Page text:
In short, the FMA guidance shouldn’t surprise – don’t mislead, obfuscate, omit or make false claims, and then substantiate any claims, disclose your approach and any outcomes from your claimed responsible investment objectives, and consider external assurance or certification to validate claims. It’s a smart and sensible set of guidance, but one that formalises and lifts the bar to say, now responsible investment is a formal part of the FMA’s enforcement mandate, so give it the attention it deserves.

Far from ad hoc developments, these all constitute part of a broader momentum towards sustainable finance – that is, embedding concepts of sustainability formally into the financial system, to better manage risks, but also to better align the finance system with a sustainable and thriving future. 

Sustainable Finance Forum Roadmap

And if you’re wondering what next, add to your summer reading list the Aotearoa Circle’s Sustainable Finance Forum Roadmap launched in November 2020. The Roadmap sets out a clear coordinated plan for how we embed sustainability into the financial services sector, as well as mobilise capital towards the clean and sustainable industries and businesses we need to deliver on the Paris Agreement and SDGs.

The culmination of close to two years’ work from a collaboration of financial institutions, civil society, academia, regulators and government, this Roadmap forms a significant blueprint for the decade ahead, and lays out the next steps and developments that will be required of investors and policy makers. 

Expect to see moves to broaden responsible investment requirements beyond just KiwiSaver providers, with further standardisation of sustainable finance products, in light of the need for consumers to have confidence that products are delivering on claims and are true to label. Formal assurance or certification of such claims will likely become common place, such as through RIAA’s own Certification Symbol that has seen increasing demand.

Financial advisers should also expect lifting requirements that they are meeting the sustainability and values-based expectations of their clients. And disclosure requirements will continue to lift, including around portfolio holdings, responsible investment approaches, but also engagement and voting outcomes, likely to be captured under an industry wide stewardship code.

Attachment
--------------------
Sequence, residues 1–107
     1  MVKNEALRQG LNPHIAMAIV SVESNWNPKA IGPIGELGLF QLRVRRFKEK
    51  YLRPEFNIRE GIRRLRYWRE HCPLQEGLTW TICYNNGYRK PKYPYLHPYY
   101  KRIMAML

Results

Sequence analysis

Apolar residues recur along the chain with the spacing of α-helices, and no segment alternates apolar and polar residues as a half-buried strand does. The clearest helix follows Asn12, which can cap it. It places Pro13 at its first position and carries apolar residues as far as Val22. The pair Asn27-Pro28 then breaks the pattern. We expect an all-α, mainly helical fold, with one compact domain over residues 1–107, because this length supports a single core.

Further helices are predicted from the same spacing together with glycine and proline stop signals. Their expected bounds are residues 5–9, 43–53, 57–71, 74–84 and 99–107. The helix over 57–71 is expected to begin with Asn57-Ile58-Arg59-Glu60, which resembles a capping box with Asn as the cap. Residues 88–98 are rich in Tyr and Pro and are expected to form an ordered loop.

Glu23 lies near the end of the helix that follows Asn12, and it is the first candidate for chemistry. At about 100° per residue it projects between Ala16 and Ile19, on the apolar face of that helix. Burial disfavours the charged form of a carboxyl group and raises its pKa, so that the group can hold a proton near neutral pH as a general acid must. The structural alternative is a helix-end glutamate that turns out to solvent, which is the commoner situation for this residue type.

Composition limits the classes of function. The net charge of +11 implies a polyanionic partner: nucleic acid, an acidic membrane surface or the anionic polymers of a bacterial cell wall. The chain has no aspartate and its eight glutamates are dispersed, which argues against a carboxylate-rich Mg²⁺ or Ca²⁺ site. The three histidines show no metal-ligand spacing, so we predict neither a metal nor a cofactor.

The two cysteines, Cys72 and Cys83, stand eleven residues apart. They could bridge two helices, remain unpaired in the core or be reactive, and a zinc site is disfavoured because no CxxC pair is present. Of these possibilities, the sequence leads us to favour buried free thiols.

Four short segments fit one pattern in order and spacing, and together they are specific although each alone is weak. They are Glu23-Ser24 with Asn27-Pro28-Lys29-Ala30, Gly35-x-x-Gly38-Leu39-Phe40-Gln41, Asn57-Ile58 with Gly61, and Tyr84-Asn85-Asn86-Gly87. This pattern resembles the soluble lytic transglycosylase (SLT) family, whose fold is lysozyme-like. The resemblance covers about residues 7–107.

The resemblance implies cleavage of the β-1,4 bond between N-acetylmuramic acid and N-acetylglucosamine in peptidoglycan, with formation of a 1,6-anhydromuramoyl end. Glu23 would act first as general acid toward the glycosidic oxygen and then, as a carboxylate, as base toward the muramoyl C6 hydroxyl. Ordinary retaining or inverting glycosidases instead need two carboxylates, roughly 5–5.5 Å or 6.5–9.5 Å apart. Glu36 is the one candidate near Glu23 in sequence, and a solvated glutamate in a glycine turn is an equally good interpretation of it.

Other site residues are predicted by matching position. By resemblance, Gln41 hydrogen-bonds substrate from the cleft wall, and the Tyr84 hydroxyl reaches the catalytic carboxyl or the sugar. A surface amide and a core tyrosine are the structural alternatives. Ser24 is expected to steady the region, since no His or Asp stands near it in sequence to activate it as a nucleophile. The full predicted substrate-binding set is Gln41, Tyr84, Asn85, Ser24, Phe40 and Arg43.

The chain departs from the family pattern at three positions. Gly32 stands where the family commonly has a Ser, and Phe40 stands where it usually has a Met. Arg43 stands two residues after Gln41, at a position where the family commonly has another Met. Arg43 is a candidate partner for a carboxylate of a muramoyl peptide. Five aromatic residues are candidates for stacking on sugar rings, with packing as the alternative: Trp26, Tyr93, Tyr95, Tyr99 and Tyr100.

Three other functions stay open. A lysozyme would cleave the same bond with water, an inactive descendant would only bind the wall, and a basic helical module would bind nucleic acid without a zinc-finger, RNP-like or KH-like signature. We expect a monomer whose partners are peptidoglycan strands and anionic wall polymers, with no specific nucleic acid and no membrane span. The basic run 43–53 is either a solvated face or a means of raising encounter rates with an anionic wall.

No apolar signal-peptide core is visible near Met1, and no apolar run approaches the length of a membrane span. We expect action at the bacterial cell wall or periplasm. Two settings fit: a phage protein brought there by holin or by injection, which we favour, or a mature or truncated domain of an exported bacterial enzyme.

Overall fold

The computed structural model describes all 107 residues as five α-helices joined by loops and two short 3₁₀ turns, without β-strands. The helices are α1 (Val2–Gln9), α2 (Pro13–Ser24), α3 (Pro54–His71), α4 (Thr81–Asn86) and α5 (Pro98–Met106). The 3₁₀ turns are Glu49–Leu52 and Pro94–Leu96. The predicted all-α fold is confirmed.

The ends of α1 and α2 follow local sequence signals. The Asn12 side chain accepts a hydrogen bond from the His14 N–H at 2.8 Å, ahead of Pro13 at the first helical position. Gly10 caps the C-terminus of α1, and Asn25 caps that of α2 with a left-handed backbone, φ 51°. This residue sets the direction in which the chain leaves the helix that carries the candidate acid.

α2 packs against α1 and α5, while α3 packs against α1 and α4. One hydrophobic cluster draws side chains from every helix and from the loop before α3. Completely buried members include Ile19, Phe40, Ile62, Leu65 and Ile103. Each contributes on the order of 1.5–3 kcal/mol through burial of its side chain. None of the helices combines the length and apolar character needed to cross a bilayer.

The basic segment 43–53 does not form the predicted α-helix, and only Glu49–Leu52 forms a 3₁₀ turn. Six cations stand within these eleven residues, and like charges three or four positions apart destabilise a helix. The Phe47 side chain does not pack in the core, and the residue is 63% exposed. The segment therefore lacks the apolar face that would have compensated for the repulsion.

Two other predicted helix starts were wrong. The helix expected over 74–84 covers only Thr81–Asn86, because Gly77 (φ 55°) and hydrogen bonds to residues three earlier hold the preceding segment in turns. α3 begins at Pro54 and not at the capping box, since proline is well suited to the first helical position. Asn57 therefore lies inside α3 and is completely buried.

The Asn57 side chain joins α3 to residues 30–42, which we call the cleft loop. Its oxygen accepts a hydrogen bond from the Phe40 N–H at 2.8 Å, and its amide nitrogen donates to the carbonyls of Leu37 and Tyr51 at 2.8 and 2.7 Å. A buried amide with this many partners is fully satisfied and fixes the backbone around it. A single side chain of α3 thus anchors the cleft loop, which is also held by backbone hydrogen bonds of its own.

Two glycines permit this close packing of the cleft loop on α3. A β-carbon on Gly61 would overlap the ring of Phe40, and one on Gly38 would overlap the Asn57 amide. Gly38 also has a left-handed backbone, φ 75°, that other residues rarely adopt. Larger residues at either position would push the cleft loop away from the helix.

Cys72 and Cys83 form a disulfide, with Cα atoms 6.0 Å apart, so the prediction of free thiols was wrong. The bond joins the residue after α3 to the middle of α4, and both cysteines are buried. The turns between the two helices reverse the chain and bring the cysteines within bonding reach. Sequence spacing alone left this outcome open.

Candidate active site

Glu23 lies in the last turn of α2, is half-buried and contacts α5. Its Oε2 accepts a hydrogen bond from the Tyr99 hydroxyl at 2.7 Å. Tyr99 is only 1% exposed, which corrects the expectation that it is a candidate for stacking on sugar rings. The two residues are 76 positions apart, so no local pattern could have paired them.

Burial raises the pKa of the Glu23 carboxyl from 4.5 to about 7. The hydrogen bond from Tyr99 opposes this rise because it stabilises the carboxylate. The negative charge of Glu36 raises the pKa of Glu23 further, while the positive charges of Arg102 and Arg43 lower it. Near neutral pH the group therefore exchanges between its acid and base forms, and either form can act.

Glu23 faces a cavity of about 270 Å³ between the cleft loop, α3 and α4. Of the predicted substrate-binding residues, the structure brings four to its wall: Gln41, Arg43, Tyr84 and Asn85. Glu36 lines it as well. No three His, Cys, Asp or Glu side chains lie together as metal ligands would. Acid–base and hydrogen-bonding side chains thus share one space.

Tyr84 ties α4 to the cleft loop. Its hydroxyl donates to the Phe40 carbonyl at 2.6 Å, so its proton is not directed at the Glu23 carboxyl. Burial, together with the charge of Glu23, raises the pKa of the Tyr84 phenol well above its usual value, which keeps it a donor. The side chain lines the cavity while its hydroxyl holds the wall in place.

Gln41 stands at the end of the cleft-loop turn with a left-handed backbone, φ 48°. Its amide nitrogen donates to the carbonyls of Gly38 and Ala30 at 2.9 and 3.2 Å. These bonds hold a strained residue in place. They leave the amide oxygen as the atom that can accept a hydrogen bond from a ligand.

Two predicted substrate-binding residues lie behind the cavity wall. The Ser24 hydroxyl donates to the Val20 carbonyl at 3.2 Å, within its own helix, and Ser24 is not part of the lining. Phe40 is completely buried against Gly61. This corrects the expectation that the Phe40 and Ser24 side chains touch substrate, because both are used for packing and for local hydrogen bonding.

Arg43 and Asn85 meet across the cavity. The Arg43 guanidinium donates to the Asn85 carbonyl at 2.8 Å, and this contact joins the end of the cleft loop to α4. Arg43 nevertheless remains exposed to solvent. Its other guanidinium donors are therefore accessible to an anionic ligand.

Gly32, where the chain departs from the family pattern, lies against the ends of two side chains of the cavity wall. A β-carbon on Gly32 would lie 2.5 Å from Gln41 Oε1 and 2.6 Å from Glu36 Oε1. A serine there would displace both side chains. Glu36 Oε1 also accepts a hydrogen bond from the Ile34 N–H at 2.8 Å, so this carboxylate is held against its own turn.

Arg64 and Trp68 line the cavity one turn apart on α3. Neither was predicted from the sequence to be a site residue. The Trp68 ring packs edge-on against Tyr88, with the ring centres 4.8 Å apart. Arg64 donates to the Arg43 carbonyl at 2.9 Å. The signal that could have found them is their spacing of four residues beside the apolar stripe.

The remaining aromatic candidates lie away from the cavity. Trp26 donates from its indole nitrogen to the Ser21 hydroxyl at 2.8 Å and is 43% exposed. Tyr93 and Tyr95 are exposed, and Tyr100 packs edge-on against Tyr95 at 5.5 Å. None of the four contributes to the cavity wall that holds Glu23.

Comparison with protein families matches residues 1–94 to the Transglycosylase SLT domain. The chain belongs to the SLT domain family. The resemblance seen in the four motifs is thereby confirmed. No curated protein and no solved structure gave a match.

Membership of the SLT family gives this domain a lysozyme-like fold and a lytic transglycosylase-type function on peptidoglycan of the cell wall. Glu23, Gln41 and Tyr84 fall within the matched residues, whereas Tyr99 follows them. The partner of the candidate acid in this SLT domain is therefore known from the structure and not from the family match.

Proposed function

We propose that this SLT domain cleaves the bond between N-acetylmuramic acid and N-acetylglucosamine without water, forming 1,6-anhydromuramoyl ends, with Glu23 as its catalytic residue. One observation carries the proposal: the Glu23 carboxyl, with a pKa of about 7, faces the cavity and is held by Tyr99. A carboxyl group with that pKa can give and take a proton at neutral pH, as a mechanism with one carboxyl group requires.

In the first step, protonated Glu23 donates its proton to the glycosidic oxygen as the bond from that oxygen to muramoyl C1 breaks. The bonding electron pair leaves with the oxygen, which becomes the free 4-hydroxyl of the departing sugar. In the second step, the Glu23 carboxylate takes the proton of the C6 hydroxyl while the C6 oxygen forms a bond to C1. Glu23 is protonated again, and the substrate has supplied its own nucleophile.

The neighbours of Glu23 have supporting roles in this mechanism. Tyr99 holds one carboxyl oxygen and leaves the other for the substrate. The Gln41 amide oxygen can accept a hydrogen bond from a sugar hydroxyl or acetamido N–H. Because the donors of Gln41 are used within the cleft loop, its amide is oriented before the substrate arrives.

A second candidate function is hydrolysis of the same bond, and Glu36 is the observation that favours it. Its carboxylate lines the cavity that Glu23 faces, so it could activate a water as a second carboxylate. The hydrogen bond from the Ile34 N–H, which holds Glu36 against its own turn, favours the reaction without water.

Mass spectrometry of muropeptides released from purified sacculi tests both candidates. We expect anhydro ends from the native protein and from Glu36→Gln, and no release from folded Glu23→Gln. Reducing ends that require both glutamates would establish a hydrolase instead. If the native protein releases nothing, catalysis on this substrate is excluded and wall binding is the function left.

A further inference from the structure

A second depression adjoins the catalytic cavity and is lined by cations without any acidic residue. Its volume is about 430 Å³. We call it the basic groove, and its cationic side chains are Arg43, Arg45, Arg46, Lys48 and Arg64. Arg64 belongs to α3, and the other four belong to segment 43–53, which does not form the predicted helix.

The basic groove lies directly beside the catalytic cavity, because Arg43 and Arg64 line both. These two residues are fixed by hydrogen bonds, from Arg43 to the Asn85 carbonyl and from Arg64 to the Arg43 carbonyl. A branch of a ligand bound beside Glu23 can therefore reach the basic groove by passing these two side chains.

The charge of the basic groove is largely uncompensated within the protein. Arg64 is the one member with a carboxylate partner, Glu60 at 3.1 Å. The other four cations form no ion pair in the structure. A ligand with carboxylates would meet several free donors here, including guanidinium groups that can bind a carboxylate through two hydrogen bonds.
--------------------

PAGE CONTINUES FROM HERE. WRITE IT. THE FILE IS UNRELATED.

Consumers are on the money

Finally, the voice of our customer has never been louder and clearer, and that is that there is an expectation that money be managed in a way that does no harm and supports a better future. This is starting to lead to money moving between providers, towards more responsible and sustainable investment managers, but also to financial advisers who can respond to these demands.

2020 consumer research undertaken by RIAA with Mindful Money shows the growing sophistication and demand by clients for more sustainable investment options. Significantly, the research reinforces that the long held myth of underperformance of responsible investments is now well and truly dead, with nearly 80% concluding these investments would perform better than mainstream investments. But furthermore, the findings give a clear indication of the ballooning interest by consumers in responsible and ethical investment, with 93% of those who don’t invest ethically today, stating an intention to shift in the next five years.

These are all trends and developments that in aggregate show a major shift underway in financial markets in NZ that will continue to shape the way we do investment in 2021. This marks a moment in time whereby responsible investment has come of age, and is now a formal part of investment management – it is the mainstream.

Simon O’Connor is the CEO of Responsible Investment Association Australasia.

Tags: Opinion responsible investing Responsible Investment Association